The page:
The union ranks had more men (50% versus 47%), more married people (74% versus 71%), and more people with children (45% versus 42%). Unionized workers were somewhat better educated: more had trade school education (15% versus 11%) or undergraduate or higher education (21% versus 18%), and fewer had only high school education (15% versus 18%). Unionized workers also had longer job tenure (9 versus 6 years). Relatively fewer immigrants were in the union ranks. In terms of occupation, union members were more likely to be production, professional or technical workers and less likely to be managers or clerks.
Virtually the same proportion of employees worked part time (15.7% versus 15.0%), had a college education (21.1% versus 21.2%), immigrated during the 1970s or earlier, or had an occupation in marketing.
The workplace characteristics of unionized employees also differed. They were more likely to be in primary manufacturing, communications and utilities, or education and health-care industries (Table 2). Union members were more likely to be found in larger firms (45% versus 11%) and in not-for-profit organizations (45% versus 11%). In terms of location, Quebec and British Columbia workers were more unionized. Ontario and Alberta had significantly more non-unionized employees.
Raw and adjusted wage differentials
The gross wage differential was adjusted for differences in employee and workplace characteristics (see Estimation). The adjustments reduced the union wage differential between comparable workers in comparable workplaces from 14.3% to 7.7% (Table 3). Since the size of establishment differed significantly for the two groups, the adjustment was also done for two sub-samples: workplaces with more than 50 employees and those with more than 100. Although sample sizes were smaller, a better balance was gained between unionized and non-unionized workers: 46.4% in workplaces with more than 50, and 50.7% in workplaces with more than 100. The union wage differential was further reduced to 6.2% and 6.0% respectively in the two sub-samples. Since both unionization and size are closely associated with formalization of workplace policies, a better estimate of the true union effect on wages should result from a sub-sample of larger workplaces.
The union wage differential appeared to be similar for men and women (7.6% versus 7.0%). The union effect tended to be larger for women, but women are less likely to be union members. The two factors work in opposition so that, overall, the union effect on wages is not much different for men than for women.
Industry and occupation
The gap also varied by industry (Chart B). Construction, retail trade and consumer services, and education and health care groups were near the top of the scale-19%, 11% and 8% respectively. At the low end were business services, finance and insurance, and communication and utilities, all of which had no discernible wage gap. In labour-intensive tertiary manufacturing, the gap (7%) was close to the mean. Real estate, rental, and leasing was the only industry in which non-union wages were higher (11%).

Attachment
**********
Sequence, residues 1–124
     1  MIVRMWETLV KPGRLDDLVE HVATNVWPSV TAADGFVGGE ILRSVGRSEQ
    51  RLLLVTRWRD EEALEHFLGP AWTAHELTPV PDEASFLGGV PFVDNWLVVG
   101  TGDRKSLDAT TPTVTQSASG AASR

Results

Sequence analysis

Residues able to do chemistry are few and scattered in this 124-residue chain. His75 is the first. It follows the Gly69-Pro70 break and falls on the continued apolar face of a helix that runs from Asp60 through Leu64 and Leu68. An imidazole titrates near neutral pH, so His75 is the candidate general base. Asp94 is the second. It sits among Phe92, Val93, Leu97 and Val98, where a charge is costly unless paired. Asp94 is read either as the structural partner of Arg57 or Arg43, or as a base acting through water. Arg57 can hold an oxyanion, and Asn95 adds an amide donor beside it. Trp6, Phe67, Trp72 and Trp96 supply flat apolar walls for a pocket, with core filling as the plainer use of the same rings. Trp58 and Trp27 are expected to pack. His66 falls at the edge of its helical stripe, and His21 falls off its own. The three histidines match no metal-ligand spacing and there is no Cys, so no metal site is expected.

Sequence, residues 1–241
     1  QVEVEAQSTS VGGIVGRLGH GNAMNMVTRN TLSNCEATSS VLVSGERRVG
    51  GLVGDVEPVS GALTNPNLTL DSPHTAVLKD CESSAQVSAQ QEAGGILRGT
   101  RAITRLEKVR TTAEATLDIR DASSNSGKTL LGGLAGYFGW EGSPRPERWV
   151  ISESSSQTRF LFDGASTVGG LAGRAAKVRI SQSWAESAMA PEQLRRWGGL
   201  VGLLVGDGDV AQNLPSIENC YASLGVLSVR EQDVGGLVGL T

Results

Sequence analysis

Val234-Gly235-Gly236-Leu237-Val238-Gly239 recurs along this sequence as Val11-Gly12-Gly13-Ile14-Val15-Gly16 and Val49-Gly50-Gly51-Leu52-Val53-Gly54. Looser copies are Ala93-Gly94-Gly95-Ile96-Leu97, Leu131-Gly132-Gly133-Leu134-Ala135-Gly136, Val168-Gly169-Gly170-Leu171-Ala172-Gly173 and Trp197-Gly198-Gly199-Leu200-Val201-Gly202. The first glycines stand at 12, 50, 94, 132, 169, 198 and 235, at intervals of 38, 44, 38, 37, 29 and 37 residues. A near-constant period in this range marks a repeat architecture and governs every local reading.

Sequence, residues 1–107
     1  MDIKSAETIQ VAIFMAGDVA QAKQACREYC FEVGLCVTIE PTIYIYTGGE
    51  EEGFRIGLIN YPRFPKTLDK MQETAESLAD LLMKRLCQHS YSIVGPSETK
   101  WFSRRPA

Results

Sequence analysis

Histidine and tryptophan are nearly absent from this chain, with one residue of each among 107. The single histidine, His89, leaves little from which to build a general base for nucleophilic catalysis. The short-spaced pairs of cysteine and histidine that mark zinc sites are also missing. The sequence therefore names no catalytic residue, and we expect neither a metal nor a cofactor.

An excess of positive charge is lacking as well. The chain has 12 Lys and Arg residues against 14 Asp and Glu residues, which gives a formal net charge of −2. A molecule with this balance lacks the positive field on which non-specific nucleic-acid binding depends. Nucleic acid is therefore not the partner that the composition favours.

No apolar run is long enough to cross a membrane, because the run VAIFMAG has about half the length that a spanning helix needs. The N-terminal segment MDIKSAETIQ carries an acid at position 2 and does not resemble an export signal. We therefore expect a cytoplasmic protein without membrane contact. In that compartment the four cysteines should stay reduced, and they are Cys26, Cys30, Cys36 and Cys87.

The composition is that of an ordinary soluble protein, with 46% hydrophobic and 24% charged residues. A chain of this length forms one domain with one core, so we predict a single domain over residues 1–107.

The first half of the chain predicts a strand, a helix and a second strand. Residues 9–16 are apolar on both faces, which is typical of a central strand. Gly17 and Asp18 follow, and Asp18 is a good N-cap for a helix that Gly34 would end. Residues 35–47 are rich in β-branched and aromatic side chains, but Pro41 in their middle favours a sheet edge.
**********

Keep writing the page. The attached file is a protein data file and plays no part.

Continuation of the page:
Occupations such as construction (15%); chefs, protective, childcare and home support workers (14%); and teachers and arts (13%) had large differentials (Chart C). The management and professional group (-1%) had the smallest differential, followed by financial, administrative and clerical group (2%), one of the largest occupational groupings in the WES sample.
British Columbia had one of the higher wage differentials at 14% (Chart D). Three other regions showed a wage gap in favour of unionized workers: the Atlantic provinces (12%), Manitoba and Saskatchewan (9%), and Alberta (8%). Quebec, the most unionized region in Canada, showed a modest gap of 5%; Ontario, a relatively less unionized province, had a union wage premium of 6%, somewhat below the national average.
Explaining the union wage premium
Previous research has shown that the union wage premium can be partially explained by differences in personal, job and workplace characteristics. The proportion 'explained' tends to be higher if the non-unionized group or the total economy is used as the base line (see Decomposition). About 75% of the pay differential can be attributed to differences in various wage determinants. Even so, a significant portion (25%) still cannot be explained. In fact, returns to additional amounts to various productivity-related personal characteristics-such as education, experience, skill, and marital status-are generally lower in the union group than in the non-union group (Benjamin, Gunderson and Riddell 1998). However, because unionized workers start off on average with higher wages-indicated by the larger intercept of the union wage equation, the lower returns reflect the structural difference between the two groups in compensation policies.
These findings provide a glimpse into the nature of union-non-union wage differentials toward the end of the 1990s. An average wage gap of 7.7% (6.0% in workplaces with more than 100 employees) is somewhat smaller than reported previously in the literature. This, along with evidence from other Statistics Canada surveys between 1981 and 1998 suggests a narrowing of the wage gap over time. This narrowing could be partially attributed to the diminishing ability of unions to seek monopoly rents, due to factors such as technological advancement, greater competition from overseas, and deregulation. Another explanation could be a strategic reorientation of unions to objectives other than wages, such as employment and job security or less costly forms of employee voice (Gunderson and Hyatt 2001). In addition, results based on the 1999 WES show that some traditionally observed union wage premiums appear to hold across nearly all industries, occupations and regions.